HEARD the one about a country bumpkin who was trying to cross a busy street downtown? Seeing the poor man in his predicament, a traffic policeman walked up to him and said: "Sir, there is a zebra crossing down the street."
The chap looked at the policeman, looked annoyed, and exclaimed: "Oh, yeah? I hope he's got better luck than me."
If you are smiling because you know what a zebra crossing is, I wonder if you recognise it when you see one.
Plentiful in the 1970s, zebra crossings are black and white (now yellow) stripes painted across roads with flashing amber lights stationed at either end.
They have no standard traffic lights facing oncoming traffic, but motorists are obliged to stop when someone is spotted on the crossing, or at the road shoulder waiting to cross.
The pedestrian crossings you see around the city today, including those at traffic light junctions, are not zebra crossings in the strict sense of the word.
In the United Kingdom, they are called pelican crossings -- pelican being a modified acronym for pedestrian light controlled (or pelicon). These have standard traffic lights mounted instead of flashing amber lights.
There is a button for you to press if you need to cross, but you have to wait for the light on your side to turn green before you should do so.
Some of these crossings are disabled-friendly, with chimes to alert the blind when it is safe to cross. Many have countdowns to let you know how much time you have to cross before the light for oncoming traffic goes green.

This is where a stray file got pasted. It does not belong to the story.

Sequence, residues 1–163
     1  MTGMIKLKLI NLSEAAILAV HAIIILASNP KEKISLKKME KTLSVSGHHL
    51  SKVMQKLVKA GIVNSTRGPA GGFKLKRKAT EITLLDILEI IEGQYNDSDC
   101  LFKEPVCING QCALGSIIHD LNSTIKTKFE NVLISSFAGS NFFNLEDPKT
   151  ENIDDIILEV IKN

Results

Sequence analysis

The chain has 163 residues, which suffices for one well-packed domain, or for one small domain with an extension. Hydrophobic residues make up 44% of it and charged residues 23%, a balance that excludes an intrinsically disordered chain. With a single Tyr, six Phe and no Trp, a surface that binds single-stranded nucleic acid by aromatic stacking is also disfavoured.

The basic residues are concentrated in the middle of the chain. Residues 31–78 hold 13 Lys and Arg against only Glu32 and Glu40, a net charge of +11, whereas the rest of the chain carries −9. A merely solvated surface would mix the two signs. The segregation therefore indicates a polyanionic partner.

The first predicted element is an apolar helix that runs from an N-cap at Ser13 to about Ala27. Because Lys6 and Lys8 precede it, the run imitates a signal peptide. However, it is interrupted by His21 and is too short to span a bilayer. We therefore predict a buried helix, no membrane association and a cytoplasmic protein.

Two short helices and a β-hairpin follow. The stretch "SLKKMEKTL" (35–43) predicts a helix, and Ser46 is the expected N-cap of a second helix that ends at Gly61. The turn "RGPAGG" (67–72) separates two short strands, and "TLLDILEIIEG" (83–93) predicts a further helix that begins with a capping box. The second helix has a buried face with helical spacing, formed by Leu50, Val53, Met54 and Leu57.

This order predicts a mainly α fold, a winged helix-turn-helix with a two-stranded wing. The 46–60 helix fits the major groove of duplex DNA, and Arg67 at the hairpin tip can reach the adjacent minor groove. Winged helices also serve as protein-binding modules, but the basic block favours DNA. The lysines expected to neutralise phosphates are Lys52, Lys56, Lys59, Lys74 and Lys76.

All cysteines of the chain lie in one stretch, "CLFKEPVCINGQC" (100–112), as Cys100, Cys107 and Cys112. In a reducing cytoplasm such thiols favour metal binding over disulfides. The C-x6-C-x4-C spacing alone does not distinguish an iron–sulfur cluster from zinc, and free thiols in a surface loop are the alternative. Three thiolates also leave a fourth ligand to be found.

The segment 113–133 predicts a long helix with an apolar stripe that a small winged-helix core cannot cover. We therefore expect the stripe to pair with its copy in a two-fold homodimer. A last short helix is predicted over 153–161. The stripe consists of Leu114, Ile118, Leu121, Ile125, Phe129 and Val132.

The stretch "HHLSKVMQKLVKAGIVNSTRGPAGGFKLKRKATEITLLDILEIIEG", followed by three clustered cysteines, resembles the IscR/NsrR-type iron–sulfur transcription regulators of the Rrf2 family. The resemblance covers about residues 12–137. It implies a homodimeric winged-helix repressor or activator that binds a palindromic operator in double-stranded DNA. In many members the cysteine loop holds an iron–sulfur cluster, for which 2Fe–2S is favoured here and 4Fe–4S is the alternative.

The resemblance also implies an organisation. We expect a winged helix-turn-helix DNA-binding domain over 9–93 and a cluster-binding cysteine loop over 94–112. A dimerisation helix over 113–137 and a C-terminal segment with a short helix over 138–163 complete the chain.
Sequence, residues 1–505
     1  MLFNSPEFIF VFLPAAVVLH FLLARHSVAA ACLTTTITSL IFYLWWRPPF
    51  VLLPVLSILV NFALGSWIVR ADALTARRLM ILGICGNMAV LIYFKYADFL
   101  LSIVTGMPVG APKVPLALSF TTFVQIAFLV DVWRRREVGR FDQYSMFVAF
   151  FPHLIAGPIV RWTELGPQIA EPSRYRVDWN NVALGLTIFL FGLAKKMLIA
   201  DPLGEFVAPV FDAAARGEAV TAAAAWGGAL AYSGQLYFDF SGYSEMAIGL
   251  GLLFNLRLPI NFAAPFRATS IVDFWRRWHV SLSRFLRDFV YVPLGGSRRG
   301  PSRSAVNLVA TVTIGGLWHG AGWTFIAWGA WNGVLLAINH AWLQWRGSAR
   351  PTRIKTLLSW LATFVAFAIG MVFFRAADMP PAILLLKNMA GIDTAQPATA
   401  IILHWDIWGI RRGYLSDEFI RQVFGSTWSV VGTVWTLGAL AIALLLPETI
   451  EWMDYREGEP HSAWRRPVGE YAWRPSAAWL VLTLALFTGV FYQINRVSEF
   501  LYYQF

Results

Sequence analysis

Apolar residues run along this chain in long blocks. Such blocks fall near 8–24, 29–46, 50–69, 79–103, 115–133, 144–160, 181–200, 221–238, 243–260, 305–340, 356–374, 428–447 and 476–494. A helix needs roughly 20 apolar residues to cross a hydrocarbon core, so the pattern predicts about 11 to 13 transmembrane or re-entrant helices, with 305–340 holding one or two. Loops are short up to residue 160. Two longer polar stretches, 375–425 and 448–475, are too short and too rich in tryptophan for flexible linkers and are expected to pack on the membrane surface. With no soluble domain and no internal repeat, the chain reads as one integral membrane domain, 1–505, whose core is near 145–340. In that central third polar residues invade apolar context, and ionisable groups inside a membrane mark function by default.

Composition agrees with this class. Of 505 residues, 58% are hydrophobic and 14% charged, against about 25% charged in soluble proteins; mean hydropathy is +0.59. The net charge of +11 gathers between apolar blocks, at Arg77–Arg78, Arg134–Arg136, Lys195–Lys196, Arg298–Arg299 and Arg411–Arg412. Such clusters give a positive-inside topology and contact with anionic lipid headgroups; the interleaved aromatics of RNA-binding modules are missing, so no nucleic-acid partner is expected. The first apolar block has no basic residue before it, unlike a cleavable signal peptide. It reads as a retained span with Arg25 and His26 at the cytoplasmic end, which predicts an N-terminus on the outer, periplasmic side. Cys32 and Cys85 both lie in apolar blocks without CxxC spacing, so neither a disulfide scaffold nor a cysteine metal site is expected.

Compared with viaducts or overhead bridges, zebra or pedestrian crossings are more viable alternatives to connect walking pathways.
They can be built at a fraction of the cost of a bridge and in much shorter time.
They are also easier to maintain and more likely to be used by everyone than the pedestrian bridges or underpasses, many of which have become crime havens.
The only problem with pedestrian or zebra crossings is that many city motorists are like country bumpkins.
They do not recognise the crossings when they see one -- perhaps out of ignorance or apathy.
Take the zebra crossing at Sentul Pasar for instance.
Each morning, while driving to work, I see market-goers making their daily dash to cross the busy road despite using the crossing as they lug their baskets or with children in tow.
Motorists zip pass without batting an eyelid, let alone stop.
There have been many near-misses and I have watched startled pedestrians hurling verbal abuses at inconsiderate motorists.
Fortunately, I have not seen anyone hurt.
I have not seen any camera mounted at this zebra crossing or any pedestrian crossing around the city for that matter to record the misdeeds of errant motorists.
Because of this, brazen motorists continue to give scant regard to the rights of pedestrians on crossings.
In one of my trips to Johor, I saw a pedestrian crossing that can perhaps be an eye-opener for traffic authorities in the Klang Valley.
This crossing did not have flashing amber lights or signalised traffic lights. The only indicators of the crossing's location were two signboards placed several metres up and downstream of it.
But motorists obediently slow down when approaching the crossing even when no one was using it.
Humps high enough to slow down the most reckless speed demon have been put up on both sides of the crossing.
Someone must have been irked by speeding motorists in the area to have come up with the bumpy ride idea to teach errant motorists to slow down.
Perhaps the traffic managers in the city can learn a thing or two from this so that errant motorists learn to respect the rights of pedestrians at crossings.
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